adj 1: devoted to a cause or ideal or purpose; "a dedicated dancer"; "dedicated teachers"; "dedicated to the proposition that all men are created equal"- A.Lincoln [ant: undedicated] 2: solemnly dedicated to or set apart for a high purpose; "a life consecrated to science"; "the consecrated chapel"; "a chapel dedicated to the dead of World War II" [syn: consecrated, consecrate, dedicated] [ant: desecrated]
Dedicate Ded"i*cate, v. t. [imp. & p. p. Dedicated; p. pr. & vb. n. Dedicating.] 1. To set apart and consecrate, as to a divinity, or for sacred uses; to devote formally and solemnly; as, to dedicate vessels, treasures, a temple, or a church, to a religious use. Vessels of silver, and vessels of gold, . . . which also king David did dedicate unto the Lord. --2 Sam. viii. 10, 11. We have come to dedicate a portion of that field as a final resting place for those who here gave their lives that that nation might live. . . . But in a larger sense we can not dedicate, we can not consecrate, we can not hallow this ground. --A. Lincoln. 2. To devote, set apart, or give up, as one's self, to a duty or service. The profession of a soldier, to which he had dedicated himself. --Clarendon. 3. To inscribe or address, as to a patron. He complied ten elegant books, and dedicated them to the Lord Burghley. --Peacham. Syn: See Addict.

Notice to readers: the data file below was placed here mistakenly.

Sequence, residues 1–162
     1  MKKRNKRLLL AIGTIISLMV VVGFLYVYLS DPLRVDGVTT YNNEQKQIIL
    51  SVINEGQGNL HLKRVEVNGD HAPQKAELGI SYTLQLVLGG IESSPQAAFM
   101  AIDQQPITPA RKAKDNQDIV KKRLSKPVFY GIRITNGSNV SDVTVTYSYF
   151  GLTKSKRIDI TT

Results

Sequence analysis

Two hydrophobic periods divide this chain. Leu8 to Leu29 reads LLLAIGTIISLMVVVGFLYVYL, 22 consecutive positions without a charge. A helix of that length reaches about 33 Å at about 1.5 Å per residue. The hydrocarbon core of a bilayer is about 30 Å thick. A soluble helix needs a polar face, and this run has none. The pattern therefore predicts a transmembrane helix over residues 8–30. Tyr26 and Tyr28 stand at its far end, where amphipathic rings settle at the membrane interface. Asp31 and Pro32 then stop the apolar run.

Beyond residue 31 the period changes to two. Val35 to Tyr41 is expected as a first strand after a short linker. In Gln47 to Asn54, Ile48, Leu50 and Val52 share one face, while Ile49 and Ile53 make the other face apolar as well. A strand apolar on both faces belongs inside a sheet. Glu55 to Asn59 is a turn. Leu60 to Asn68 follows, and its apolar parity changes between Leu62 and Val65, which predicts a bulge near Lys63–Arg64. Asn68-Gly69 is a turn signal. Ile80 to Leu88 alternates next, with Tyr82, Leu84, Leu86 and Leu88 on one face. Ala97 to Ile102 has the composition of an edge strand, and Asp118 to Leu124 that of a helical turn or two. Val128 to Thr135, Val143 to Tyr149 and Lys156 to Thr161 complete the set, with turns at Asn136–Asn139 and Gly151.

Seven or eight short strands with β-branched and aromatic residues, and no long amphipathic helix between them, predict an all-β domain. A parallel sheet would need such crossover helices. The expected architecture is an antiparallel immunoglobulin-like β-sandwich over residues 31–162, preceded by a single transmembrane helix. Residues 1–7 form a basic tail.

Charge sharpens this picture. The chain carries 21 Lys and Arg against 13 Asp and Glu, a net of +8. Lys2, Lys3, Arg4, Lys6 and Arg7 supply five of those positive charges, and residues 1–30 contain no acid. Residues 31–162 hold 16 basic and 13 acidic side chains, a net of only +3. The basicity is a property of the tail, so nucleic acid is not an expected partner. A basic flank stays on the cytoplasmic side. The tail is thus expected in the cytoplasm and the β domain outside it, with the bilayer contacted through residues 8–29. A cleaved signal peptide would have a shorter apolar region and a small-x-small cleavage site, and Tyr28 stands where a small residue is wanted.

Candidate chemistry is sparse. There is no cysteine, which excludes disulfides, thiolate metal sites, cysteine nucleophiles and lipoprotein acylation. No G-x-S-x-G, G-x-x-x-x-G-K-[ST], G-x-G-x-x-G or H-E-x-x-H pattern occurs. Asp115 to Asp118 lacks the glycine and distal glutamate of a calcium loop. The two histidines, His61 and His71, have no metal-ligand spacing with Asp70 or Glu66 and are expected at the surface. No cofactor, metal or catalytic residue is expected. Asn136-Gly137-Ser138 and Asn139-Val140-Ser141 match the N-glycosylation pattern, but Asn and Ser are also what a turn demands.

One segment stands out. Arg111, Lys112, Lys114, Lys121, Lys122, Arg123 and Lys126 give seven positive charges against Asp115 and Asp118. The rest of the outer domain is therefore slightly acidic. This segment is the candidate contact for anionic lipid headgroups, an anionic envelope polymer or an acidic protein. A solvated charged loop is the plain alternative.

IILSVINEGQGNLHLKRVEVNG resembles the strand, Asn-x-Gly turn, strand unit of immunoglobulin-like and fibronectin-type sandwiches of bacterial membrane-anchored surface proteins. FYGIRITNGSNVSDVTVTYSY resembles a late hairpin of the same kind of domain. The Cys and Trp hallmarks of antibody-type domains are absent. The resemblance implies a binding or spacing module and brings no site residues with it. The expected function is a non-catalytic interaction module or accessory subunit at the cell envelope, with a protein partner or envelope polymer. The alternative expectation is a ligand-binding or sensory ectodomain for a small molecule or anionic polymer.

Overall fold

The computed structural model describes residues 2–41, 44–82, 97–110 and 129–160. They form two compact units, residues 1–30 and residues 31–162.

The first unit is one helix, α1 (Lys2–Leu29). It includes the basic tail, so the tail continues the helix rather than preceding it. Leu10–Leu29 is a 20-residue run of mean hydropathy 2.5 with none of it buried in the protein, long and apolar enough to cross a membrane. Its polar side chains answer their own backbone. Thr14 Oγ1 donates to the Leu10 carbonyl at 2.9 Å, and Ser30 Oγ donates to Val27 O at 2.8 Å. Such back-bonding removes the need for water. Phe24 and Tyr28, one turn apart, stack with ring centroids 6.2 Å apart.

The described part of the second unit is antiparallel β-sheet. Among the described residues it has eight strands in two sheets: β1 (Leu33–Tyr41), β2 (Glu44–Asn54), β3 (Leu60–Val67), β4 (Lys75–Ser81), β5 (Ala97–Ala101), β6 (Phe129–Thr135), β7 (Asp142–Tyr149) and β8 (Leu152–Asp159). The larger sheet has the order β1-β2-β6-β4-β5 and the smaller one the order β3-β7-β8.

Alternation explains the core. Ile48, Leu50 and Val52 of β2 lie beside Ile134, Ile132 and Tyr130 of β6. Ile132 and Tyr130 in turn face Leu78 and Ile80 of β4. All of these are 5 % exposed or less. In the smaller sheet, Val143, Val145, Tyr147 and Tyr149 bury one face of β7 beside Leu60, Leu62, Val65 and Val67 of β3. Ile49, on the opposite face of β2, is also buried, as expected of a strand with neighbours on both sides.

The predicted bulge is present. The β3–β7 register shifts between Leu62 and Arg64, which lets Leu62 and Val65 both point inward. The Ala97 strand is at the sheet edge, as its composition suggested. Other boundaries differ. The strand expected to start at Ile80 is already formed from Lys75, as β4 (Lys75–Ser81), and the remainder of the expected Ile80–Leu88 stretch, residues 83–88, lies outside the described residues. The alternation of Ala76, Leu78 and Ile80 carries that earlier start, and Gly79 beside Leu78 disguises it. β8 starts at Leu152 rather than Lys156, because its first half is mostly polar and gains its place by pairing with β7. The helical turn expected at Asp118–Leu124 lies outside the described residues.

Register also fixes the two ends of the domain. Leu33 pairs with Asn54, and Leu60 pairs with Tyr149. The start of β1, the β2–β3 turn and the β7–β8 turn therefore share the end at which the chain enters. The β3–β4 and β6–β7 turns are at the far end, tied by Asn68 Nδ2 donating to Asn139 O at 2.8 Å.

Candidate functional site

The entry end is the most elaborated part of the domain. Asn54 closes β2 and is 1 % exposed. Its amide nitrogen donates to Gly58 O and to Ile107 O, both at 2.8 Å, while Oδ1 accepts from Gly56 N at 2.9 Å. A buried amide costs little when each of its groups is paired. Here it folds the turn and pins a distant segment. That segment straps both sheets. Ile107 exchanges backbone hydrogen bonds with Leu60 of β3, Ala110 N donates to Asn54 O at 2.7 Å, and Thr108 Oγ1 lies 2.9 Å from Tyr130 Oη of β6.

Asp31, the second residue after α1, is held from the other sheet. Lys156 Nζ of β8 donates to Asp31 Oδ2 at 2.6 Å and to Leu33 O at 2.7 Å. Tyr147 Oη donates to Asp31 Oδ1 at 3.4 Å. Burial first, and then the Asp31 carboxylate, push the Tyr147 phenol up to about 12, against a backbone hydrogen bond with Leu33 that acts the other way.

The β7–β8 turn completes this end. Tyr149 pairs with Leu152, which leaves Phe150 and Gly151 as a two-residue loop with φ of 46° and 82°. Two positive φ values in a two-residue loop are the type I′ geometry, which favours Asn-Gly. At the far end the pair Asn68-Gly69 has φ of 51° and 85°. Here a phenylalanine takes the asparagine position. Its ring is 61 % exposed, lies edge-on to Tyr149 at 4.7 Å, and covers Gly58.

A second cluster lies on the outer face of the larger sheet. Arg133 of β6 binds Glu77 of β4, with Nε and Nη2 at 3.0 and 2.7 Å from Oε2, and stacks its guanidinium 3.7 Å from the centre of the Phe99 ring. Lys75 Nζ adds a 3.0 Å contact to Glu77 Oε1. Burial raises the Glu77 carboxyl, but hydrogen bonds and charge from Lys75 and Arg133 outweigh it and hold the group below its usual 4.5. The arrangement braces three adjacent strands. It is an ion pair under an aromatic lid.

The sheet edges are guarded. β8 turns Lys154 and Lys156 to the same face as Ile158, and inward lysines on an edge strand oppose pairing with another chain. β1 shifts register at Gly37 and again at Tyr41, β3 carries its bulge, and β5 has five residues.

1. You use dedicated to describe someone who enjoys a particular activity very much and spends a lot of time doing it. Her great-grandfather had clearly been a dedicated and stoical traveller.ADJ: usu ADJ n 2. You use dedicated to describe something that is made, built, or designed for one particular purpose or thing. Such areas should also be served by dedicated cycle routes....the world's first museum dedicated to ecology.ADJ: oft ADJ to n 3. see alsodedicate